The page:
I was sure Sophia* was going to become a teacher.
Sophia was a 12th grader who had shown a passion for teaching. Last summer, she tutored a group of classmates in history and did a great job. After the experience, Sophia told me she wanted to become a math teacher. I told her to reach out to us after college to teach at our school and she loved the idea. I even wrote about Sophia, calling her The First Hire of 2023 (link).
So this past June, I was surprised to see that Sophia had changed her mind. Continue reading
One of the students’ illustrations for a mascot: a panther.
I’m always fascinated by what gets kids excited about school.
Take a 12th grade student in my school, Rebecca.* Rebecca is known for a sweet smile and enthusiastic participation. However, at some point this year, everything got cloudy for her: nothing in school was fun or exciting. A few teachers told me that she might have had a falling out with some friends, hence the blue outlook, but Rebecca wouldn’t tell us what was bothering her.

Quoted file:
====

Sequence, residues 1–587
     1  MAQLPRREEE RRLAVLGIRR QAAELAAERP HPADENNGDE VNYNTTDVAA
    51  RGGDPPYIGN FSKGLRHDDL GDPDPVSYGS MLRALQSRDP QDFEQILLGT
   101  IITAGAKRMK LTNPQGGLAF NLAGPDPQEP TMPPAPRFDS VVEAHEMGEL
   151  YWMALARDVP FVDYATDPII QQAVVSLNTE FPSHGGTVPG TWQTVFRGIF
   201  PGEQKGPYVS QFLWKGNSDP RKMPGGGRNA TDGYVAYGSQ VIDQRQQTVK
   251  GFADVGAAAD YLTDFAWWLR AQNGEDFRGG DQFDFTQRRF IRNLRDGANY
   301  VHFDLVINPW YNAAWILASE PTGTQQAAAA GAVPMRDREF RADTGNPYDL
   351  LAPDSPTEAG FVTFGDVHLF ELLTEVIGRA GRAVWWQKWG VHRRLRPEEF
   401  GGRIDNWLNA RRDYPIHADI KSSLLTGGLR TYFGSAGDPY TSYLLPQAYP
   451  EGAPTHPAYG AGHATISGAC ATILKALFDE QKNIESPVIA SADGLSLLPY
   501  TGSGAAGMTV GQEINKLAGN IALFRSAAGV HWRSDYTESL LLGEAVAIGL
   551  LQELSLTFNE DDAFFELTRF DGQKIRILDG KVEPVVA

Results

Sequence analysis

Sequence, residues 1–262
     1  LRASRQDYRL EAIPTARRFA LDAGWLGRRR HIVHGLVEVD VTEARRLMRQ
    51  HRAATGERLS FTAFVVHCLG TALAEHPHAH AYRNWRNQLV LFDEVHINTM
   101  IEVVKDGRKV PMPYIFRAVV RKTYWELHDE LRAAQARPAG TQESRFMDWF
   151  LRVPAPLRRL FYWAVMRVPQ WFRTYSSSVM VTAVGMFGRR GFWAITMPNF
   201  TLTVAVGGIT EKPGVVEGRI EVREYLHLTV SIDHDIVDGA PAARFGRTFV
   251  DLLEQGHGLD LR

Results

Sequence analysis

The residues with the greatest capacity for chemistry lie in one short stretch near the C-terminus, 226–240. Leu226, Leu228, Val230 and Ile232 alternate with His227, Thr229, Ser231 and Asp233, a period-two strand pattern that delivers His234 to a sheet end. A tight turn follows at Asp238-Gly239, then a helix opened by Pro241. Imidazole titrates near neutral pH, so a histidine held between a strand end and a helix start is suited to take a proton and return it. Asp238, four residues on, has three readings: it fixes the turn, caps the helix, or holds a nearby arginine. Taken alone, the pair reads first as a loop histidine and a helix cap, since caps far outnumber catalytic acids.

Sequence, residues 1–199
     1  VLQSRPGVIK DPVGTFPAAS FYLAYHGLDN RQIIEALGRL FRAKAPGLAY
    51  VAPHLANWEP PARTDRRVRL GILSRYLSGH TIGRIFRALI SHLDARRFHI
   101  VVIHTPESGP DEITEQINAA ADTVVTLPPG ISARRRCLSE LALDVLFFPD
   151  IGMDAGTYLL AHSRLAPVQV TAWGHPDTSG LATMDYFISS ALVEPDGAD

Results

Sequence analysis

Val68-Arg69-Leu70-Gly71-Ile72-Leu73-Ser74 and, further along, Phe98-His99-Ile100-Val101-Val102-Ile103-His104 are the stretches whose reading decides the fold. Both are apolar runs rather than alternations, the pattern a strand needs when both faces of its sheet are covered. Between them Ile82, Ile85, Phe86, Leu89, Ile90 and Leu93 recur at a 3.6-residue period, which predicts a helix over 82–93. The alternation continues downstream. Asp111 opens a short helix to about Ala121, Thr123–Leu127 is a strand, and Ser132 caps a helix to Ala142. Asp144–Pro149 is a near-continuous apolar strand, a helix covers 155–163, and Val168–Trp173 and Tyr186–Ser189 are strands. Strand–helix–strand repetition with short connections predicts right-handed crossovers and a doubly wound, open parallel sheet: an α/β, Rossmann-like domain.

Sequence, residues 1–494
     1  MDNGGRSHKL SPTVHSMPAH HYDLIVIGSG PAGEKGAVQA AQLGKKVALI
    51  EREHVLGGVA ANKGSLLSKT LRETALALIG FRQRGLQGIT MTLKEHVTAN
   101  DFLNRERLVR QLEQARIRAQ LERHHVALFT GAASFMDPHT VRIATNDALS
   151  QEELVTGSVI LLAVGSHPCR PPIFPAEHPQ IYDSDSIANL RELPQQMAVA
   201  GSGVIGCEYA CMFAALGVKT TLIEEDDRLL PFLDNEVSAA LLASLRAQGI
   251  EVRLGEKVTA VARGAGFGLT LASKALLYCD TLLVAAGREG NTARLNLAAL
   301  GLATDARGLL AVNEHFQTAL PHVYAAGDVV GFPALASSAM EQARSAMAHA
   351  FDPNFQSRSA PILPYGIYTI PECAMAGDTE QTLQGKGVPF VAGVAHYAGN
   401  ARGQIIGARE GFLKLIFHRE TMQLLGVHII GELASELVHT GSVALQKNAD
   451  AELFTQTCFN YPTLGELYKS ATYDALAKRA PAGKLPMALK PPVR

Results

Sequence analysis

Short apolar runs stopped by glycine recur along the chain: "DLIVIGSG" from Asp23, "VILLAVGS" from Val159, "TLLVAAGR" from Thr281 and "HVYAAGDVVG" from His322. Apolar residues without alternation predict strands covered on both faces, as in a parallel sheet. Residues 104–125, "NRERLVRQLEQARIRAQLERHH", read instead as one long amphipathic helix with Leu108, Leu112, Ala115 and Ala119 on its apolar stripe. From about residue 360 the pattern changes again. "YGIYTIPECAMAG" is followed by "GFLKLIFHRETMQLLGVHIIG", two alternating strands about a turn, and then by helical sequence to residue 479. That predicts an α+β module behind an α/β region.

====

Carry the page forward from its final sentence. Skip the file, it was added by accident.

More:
A few weeks later, I got an email from Rebecca and some of her classmates: Continue reading
Each year, one of the most exciting things we do is interview and hire new teachers. Now, in our school’s 8th year of existence, I realized a new possibility: we can hire our former students as teachers.
Since our school’s first year in 2011,* we have had students serving as tutors to other students. It started out as tutoring each other over the summer: kids who had passed state exams in math tutored those who had failed. The tutors earned a small stipend. That summer, many students passed the math exam.
Over the years, we’ve shifted the tutoring opportunities. Now, we give seniors who are on-track to graduate the opportunity to tutor their 12th-grade peers who need support or to serve as teacher assistants in 9th and 10th-grade classrooms. Continue reading